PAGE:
We all have opinions about the things we see, read, and hear in our daily lives. These opinions and perceptions are influenced by a combination of factors: belief systems, morals, values, upbringing, attitudes, intellectual judgement, and emotional sentiment. Like many things in life, opinions aren’t static; they continue to evolve as we accumulate more information and learn.
Long-held opinions about a person, issue, or topic can be turned on a dime by a new piece of information or argument. Sometimes it takes more proof and persuasive reasoning for it to sway, especially if there is sentiment involved. In some instances the opinion changes positively, others not.
When opinion changes
For many years, doping rumours swirled around Lance Armstrong. I didn’t want to believe it. It couldn’t be true. I idolized him as a Cycling God who overcame illness and adversity to achieve a record 7 consecutive Tour de France wins. Eventually, the proof was just too irrefutable, followed by his admission. I was extremely disappointed and my opinion of him changed dramatically. Naturally, I was dismayed to learn that he was guilty of doping, but what bothered me more was the length of time he spent denying and laying blame elsewhere combined with the meager apology once he came clean. He didn’t seem contrite at all. I might have forgiven him his sins if he had come clean years ago and showed true remorse.
From this example I learned, that sometimes, it’s not what someone does that changes your opinion, but rather, how they handle themselves afterwards.
Influence and persuasion come in many forms. We can be influenced by those closest to us, by leaders in society, and by the media. These influences often not only change our opinions, but also our behaviour in the decisions we make.
When behaviour changes
Morgan Spurlock‘s 2004 documentary “Super Size Me“, where he examines the fast food industry by subjecting himself to a month long diet of solely McDonald’s food, blew me away. It was surprising, shocking, and at times, just plain disgusting. I had been a fan of McDonalds when I was a kid (who wasn’t?), but after watching the movie and seeing the effect it had on his health, I couldn’t bear the thought of walking into a McDonald’s and ordering a meal. Nine years later, I still won’t eat their hamburgers and fries. That movie changed my behaviour.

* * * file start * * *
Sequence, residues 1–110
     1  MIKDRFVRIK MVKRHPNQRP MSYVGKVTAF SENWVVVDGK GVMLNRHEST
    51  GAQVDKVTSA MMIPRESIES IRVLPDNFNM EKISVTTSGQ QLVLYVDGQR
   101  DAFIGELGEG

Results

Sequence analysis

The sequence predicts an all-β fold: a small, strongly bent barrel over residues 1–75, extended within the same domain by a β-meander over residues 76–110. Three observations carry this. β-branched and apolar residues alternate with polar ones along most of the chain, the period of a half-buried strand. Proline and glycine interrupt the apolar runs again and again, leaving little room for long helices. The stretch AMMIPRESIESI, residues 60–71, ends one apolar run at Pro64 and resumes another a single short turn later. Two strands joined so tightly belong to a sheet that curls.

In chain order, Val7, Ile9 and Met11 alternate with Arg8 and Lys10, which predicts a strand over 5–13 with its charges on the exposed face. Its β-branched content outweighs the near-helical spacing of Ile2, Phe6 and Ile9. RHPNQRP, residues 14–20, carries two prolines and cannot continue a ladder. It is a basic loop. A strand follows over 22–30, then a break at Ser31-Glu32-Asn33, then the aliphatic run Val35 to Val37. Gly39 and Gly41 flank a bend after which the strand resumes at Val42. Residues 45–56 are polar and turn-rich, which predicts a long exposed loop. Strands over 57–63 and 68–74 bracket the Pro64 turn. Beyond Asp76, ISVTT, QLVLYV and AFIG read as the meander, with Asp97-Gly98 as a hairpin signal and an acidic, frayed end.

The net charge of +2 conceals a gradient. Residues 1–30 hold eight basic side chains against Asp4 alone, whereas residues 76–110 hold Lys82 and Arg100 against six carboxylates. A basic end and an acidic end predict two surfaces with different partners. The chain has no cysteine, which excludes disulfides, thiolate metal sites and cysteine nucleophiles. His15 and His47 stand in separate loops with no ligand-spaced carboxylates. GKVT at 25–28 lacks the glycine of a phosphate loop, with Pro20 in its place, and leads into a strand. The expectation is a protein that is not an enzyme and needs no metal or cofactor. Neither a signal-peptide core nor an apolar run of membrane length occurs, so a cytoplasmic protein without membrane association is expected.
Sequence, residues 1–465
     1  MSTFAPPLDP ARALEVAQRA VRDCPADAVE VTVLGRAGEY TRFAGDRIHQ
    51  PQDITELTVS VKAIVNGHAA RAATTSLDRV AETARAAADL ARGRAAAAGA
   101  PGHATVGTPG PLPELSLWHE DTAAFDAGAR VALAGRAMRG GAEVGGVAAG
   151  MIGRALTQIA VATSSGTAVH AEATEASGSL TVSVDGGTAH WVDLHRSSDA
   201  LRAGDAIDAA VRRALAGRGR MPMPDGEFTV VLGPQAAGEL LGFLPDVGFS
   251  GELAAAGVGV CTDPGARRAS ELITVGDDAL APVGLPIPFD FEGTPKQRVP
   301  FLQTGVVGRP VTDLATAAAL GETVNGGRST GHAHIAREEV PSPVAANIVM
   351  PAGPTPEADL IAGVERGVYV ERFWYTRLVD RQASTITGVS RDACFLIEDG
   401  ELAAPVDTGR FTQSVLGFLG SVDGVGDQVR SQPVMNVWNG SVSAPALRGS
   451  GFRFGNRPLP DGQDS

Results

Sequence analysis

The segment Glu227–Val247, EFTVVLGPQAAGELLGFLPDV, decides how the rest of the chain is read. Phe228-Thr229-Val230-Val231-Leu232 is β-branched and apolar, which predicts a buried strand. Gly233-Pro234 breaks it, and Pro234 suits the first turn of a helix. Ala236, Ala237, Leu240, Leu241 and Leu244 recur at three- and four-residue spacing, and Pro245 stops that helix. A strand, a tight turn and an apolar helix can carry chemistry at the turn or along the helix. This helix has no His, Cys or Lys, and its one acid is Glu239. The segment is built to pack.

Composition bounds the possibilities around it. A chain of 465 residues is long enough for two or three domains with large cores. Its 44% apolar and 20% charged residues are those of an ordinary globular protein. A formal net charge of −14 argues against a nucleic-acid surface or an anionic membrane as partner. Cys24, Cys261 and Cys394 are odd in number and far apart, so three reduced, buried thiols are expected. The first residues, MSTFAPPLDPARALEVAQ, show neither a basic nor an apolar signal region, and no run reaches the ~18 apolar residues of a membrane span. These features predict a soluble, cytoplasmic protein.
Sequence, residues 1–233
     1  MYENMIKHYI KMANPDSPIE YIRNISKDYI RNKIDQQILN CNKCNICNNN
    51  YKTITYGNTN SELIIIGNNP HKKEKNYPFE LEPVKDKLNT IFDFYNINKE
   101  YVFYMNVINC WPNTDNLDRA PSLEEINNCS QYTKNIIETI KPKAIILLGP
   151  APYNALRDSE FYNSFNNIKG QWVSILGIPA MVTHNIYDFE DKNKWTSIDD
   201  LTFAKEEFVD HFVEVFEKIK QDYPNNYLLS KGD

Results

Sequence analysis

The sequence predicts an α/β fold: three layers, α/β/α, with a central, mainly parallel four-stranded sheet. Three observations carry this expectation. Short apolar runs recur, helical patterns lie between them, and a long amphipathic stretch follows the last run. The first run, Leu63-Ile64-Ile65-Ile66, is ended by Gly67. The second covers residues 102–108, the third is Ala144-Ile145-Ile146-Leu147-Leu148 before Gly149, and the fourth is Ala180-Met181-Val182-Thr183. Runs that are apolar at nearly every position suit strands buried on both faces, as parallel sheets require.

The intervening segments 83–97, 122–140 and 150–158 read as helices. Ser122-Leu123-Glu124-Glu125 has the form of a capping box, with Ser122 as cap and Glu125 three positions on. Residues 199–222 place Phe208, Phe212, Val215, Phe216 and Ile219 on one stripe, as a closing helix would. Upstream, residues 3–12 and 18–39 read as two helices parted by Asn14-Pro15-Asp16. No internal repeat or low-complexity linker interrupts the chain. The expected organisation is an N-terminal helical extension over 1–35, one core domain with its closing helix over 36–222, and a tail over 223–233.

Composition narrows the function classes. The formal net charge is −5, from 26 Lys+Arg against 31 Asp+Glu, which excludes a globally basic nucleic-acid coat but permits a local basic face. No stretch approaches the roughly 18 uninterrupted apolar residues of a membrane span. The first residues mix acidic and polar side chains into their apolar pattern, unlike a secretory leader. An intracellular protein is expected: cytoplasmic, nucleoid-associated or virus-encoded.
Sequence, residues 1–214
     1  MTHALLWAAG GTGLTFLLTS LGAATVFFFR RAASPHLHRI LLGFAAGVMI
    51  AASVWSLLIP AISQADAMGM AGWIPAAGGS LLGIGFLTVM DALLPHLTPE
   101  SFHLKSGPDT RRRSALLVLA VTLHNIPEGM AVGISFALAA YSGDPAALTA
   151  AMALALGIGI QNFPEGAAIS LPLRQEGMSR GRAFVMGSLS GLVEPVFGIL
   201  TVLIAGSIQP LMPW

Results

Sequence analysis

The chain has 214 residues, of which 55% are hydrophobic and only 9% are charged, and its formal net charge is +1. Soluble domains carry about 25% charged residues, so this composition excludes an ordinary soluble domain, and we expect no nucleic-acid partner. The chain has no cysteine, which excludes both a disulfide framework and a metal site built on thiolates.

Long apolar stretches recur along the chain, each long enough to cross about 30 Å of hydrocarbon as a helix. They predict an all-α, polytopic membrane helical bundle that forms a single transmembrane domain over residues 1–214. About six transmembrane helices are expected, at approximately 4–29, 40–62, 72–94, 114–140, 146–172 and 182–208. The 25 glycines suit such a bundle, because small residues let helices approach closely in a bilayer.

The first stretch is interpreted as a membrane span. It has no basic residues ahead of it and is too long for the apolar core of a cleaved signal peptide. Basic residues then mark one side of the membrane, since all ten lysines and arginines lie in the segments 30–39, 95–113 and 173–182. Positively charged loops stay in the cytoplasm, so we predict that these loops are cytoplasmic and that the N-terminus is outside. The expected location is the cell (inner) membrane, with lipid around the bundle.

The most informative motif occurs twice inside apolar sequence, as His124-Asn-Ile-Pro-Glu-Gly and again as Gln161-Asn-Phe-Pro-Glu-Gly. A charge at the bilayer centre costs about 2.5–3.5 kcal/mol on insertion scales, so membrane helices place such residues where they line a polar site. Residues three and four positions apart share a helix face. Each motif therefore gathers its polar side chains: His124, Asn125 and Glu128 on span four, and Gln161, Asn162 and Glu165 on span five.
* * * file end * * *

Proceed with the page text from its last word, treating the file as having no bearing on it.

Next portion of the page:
Influence and persuasion may not always change your behavior and actions, it might simply open your eyes to a different way of thinking about an issue.
When thoughts change
I used to think the sport of hunting was barbaric and senseless, until I dated a hunter. He explained to me that hunting was a regulated activity where you were required to complete a hunter education course and firearm safety training. There were also conservation limits on what and where you could hunt. And most importantly, in my eyes, was the fact that many hunters consume what they hunt; it isn’t just a kill sport. My opinion of hunting hasn’t 100% changed, but my eyes have been opened to another way of thinking about it.
As we walk through life, it’s important to take a moment to reflect on where our perceptions and opinions originate, be conscious of the influences that may change them, and be open to new ways of thinking. In doing so, we can make better informed decisions.
As a PR professional, it’s equally important to understand the underlying factors that form and shift public opinion, for those opinions and perceptions will have an impact on your company or brand.